COVID-19 is not the first manifestation of a connection between animals and human disease. While we lack detailed explanations for this outbreak, I recall a much older story of a pandemic based in the early parts of the Bible and revealed in Numbers 11. The Israelites were not far into a journey when they began to complain about their food. The manna they were given was vegetarian, and the meat they had was not a regular part of their diet. They complained about this semi-vegetarian diet, lusting for more meat. God was displeased but provided what they desired by sending them flocks of migrating quail. In their greed, the people killed more birds than they could eat, spreading them around the camp to dry them in the sun. When they started gorging themselves on the flesh, God’s wrath was provoked.
Statements about God’s wrath must be understood within their full context. As I shared in a recent blog post, in its broadest sense, wrath can be defined as a natural human action—a disaster of ones own making. Sometimes God’s judgments are simply a mirror of what people have become. They serve as a critique of ones commitments and reveal what is true about us. The “wasting disease” (Psalm 106:15), for example, that rapidly broke out could have resulted from the Israelites’ gluttony. It would not deny judgment to understand this epidemic as an viral outbreak (Psalm 78:26–31). A testimony of gluttony is in the name of the burial site, the “graves of craving.” Rather than an active judgment of God, might the current COVID-19 pandemic be another example of unintended consequences?
God promised to give the Israelites so much meat that they would become sickened by it, which resulted in death for many. Personal health and quality of life should not be overlooked, but is it possible that sickness is at least related to human insensitivity and greed? Due to human desire and the over consumption of animals, intensive farming practices become incubators for disease. Without infringing on people’s freedoms, how might we encourage greater consideration of health? How seriously should we scrutinize the mass farming of animals for meat and the clear dangers it poses to human health? Would decreasing our intake of meat contribute to eliminating the conditions that potentially give birth to deadly viruses and disease?
The Israelites believed that God was offering a bland diet, so He gave them what their cravings cried out for. When God permits us freedom to follow our desires, it often fixes the problems caused by our cravings. Once we can experience the consequences, we should want to change our direction. Was eating that craved meal really worth it? I wonder if the Israelites returned to the manna with a whole new outlook. Today, we market animals at a scale greater than ever before. It is not only what we are doing to animals that concerns me but what we are doing to each other and to the world because of our greed and selfish desires. What we eat affects us, but what concerns me is much larger than disease and the spread of contagious viruses. What will it take to get us off this self-inflicted path of suffering, cruelty, and death, so we can experience the abundant life and peace that God desires to offer us?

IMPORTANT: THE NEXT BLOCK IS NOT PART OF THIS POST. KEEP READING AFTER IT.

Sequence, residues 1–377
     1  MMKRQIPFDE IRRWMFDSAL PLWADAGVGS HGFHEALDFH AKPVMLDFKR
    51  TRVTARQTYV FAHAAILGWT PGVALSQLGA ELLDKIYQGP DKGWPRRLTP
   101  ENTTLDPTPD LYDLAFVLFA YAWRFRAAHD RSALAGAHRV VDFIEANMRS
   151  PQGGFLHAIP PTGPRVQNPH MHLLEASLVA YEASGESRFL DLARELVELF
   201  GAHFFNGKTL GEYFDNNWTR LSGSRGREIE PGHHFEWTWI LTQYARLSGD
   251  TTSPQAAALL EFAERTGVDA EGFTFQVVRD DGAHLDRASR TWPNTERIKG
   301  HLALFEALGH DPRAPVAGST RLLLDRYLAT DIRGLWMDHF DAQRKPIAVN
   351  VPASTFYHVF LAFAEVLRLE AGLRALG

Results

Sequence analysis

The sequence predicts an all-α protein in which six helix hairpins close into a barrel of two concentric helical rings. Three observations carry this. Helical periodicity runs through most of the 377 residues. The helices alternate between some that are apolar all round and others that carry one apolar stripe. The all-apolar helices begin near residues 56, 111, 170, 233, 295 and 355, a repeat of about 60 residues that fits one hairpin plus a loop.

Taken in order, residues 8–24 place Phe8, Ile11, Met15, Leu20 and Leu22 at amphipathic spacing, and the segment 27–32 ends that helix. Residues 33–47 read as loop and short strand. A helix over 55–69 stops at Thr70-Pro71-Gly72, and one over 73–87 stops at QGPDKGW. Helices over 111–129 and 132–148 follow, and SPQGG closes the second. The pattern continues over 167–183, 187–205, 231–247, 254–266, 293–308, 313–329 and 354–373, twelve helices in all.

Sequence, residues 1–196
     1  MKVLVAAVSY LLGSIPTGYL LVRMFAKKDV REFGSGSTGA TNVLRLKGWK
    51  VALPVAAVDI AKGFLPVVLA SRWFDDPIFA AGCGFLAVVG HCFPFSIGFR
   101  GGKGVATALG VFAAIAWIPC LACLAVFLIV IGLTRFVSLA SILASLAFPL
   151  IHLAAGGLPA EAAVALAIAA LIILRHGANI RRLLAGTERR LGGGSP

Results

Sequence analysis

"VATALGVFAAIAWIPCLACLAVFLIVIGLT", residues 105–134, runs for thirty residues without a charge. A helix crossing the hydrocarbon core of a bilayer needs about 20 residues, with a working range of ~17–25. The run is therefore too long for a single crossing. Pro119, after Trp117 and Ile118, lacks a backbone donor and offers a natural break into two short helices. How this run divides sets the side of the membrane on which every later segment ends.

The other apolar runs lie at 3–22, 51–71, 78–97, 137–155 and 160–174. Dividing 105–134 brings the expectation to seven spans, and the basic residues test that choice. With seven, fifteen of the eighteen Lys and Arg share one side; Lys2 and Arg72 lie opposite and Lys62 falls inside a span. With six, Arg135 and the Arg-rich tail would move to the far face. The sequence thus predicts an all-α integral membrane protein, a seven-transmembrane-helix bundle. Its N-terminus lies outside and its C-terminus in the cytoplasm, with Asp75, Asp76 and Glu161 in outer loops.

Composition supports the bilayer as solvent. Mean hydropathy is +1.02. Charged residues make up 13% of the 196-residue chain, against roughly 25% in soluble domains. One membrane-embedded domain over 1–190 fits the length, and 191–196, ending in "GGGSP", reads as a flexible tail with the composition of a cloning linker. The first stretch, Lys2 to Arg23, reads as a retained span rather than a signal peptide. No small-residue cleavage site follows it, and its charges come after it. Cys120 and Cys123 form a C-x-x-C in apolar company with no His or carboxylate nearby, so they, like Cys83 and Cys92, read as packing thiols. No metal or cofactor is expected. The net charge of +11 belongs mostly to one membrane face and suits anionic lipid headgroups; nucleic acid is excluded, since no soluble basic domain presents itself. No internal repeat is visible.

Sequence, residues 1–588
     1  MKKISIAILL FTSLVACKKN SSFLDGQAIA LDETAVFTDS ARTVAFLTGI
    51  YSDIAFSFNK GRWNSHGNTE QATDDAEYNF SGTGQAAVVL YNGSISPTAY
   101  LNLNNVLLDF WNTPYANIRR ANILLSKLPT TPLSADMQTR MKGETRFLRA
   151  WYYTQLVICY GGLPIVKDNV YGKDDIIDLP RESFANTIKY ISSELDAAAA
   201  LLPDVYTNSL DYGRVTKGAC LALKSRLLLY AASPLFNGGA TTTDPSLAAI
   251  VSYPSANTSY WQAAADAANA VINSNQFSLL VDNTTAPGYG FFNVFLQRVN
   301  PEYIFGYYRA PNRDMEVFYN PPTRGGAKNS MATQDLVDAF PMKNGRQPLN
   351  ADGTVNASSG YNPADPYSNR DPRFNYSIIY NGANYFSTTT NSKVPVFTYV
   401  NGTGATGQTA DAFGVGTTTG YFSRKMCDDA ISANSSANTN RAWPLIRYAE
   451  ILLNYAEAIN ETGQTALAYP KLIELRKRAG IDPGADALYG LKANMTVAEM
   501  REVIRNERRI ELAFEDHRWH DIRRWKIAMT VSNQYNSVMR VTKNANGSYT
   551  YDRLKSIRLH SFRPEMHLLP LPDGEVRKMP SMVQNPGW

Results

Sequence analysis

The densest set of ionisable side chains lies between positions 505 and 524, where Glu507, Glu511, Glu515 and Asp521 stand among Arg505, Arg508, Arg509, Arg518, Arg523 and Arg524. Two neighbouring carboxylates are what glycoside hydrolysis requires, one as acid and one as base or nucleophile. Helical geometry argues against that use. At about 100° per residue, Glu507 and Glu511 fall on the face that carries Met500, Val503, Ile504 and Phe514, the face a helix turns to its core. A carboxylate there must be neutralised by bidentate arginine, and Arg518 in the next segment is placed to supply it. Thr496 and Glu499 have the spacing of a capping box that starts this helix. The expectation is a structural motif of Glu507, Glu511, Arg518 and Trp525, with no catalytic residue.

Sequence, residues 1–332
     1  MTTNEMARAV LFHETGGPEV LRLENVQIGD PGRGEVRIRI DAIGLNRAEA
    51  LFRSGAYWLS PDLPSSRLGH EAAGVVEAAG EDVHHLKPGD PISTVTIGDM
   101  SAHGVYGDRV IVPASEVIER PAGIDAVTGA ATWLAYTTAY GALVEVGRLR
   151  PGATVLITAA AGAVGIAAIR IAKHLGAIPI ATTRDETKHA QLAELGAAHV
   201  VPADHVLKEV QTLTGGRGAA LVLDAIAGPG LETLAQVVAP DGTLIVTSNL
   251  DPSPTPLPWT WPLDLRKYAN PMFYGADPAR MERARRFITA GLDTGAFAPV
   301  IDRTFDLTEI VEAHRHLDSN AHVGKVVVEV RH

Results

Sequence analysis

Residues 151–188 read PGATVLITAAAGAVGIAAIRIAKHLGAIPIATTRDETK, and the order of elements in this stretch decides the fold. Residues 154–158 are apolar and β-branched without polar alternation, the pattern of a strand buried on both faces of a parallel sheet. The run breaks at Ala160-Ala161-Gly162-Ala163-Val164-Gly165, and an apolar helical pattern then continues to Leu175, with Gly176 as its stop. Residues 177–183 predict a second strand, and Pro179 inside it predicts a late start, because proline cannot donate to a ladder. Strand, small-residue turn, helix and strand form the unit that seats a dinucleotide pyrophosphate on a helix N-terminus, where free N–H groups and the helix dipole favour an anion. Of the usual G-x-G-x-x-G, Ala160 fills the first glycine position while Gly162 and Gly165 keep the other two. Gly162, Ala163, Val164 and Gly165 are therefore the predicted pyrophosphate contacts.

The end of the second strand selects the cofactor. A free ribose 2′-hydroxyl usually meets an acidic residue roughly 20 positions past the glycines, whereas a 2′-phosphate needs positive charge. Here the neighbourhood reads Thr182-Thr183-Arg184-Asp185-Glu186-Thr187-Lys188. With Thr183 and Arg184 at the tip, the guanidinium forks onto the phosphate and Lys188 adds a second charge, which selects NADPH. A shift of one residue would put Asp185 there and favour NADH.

The Israelites’ story creates an interesting paradox. God permitted meat but recognized a problem with the greed of taking the lives of so many animals, something that cannot go on forever if life is to reign on earth (Isaiah 11:6-9; Revelation 21:22). I think this is a sign that not only exposes what is deepest within us but also suggests that the crises we face now—sickness and disease—will change only after God’s ideal is realized on earth. We are often oblivious to the suffering happening around us. All of creation groans and suffers as it longs for a better world, and we now find ourselves groaning within the pains of creation, looking for the renewal of all things (Romans 8:22-24). Rather than trying to find the hand of God behind every pandemic, which only serves to make us unkind to one another and undermine the good news, we should acknowledge that this world is languishing. God laments our languishing and is dedicated to bringing us healing and flourishing as we contribute to creation’s flourishing.
As we enter this Passover and Easter season, may we remember that God holds both the cure and the victory over suffering, sickness, and disease. We may not find an explanation for every pain and sickness we experience, but we can embrace the One who promises to wipe away the pollution that isolates us from Him. In the end, we may not have a precise answer to our current situation, but we do have the continual love of God to give us hope. We may feel isolated now, but we are never alone.
Craig Ashton Jr.